updated 11:05 am EDT, Fri May 25, 2007
Intel Metro and Macs
A computer manufacturer is set to produce Intel's Metro ultraportable concept, according to sources in touch with BusinessWeek. The magazine claims that an unnamed builder will turn the prototype into reality later in the year. This would mark a radical departure from the company's traditional concepts, which are often shown at the company's in-house Developer Forums solely as inspirations for other manufacturers rather than direct blueprints.
Extra details about the Metro notebook have surfaced, the publication says, that may hint at its ultimate manufacturer. Created by the Oregon product design firm Ziba, the Metro achieves its record 0.7-inch thickness (slightly thicker than the Motorola RAZR V3) by using an entirely flash-based, solid-state hard drive in place of the conventional hard disk, freeing room for other components inside. The change would also improve battery life and would combine with a magnesium housing to weigh less than 2.3 pounds without an optical drive.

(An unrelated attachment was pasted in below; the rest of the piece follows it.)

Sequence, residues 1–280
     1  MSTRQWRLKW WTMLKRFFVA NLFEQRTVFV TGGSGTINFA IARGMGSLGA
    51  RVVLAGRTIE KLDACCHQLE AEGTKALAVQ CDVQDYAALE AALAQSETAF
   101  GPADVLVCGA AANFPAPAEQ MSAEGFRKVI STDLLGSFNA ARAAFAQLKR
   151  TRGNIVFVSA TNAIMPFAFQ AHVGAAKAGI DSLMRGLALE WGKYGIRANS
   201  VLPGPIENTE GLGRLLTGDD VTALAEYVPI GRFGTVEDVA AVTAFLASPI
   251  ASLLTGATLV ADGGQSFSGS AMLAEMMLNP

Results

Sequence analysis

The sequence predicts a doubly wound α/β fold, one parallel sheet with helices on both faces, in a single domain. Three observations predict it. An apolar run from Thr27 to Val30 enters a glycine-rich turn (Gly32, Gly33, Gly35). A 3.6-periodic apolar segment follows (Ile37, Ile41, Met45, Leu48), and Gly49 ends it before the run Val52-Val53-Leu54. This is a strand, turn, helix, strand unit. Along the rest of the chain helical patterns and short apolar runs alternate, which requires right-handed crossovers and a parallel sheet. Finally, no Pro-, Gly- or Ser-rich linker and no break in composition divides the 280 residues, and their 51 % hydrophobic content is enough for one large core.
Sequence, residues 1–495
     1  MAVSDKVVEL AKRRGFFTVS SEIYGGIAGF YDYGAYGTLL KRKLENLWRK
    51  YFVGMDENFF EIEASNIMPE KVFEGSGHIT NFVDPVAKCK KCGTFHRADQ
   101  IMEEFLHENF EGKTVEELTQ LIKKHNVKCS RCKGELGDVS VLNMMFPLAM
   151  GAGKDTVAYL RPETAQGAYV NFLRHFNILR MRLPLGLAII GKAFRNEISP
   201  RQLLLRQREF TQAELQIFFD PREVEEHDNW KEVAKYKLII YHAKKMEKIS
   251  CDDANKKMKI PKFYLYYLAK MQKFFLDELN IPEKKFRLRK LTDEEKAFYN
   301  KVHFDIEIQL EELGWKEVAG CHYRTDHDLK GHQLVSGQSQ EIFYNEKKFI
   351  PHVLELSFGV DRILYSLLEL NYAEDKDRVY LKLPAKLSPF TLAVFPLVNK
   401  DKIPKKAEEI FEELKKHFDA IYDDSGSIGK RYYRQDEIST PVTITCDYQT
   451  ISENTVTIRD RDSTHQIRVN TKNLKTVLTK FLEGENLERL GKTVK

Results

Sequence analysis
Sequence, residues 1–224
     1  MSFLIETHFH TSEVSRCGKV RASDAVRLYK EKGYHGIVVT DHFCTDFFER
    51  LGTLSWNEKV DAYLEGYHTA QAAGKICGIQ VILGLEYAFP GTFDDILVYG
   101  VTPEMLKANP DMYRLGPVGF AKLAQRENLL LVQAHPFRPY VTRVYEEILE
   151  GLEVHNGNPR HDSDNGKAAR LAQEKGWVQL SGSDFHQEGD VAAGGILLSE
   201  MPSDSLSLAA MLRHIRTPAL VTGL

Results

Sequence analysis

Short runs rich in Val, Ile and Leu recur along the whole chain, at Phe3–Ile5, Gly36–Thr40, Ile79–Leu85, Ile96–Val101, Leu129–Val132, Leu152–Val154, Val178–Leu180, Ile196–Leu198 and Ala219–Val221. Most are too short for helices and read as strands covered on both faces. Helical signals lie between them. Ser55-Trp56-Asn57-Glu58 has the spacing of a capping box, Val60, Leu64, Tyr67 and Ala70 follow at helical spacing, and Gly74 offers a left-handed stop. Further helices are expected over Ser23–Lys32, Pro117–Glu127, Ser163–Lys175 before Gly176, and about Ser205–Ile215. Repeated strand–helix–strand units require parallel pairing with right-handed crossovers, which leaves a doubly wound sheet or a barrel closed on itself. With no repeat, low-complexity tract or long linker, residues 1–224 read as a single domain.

Communications would also be a specialty of the Metro. In reference form, the PC would include a hybrid wireless chipset that connects to both Wi-Fi as well as the wide-area WiMAX format. This would be ideal for business travelers and others who need access to the Internet regardless of where they may be, according to Intel's Patrick Lynch.
Ziba's example would also cater to women and constrant travelers with a flap that attaches magnetically to the notebook, adding a shoulder strap for carrying and protecting the main shell while providing basic information from the outside, such as a calendar, without consuming any extra power until the information changes.
While no company has shown an overt interest in the concept or is obligated to use all of its features in a final model, the development may heavily favor Apple, whose designs have increasingly stressed thin profiles and rounded edges similar to those of the Metro. A number of the hardware features also directly recall claims by analysts and other sources of a Mac subnotebook in the second half of 2007. That system would also use flash for some or all of its internal storage; the Metro also has a backlit keyboard for typing in the dark, a staple of today's 15-inch and 17-inch MacBook Pro systems.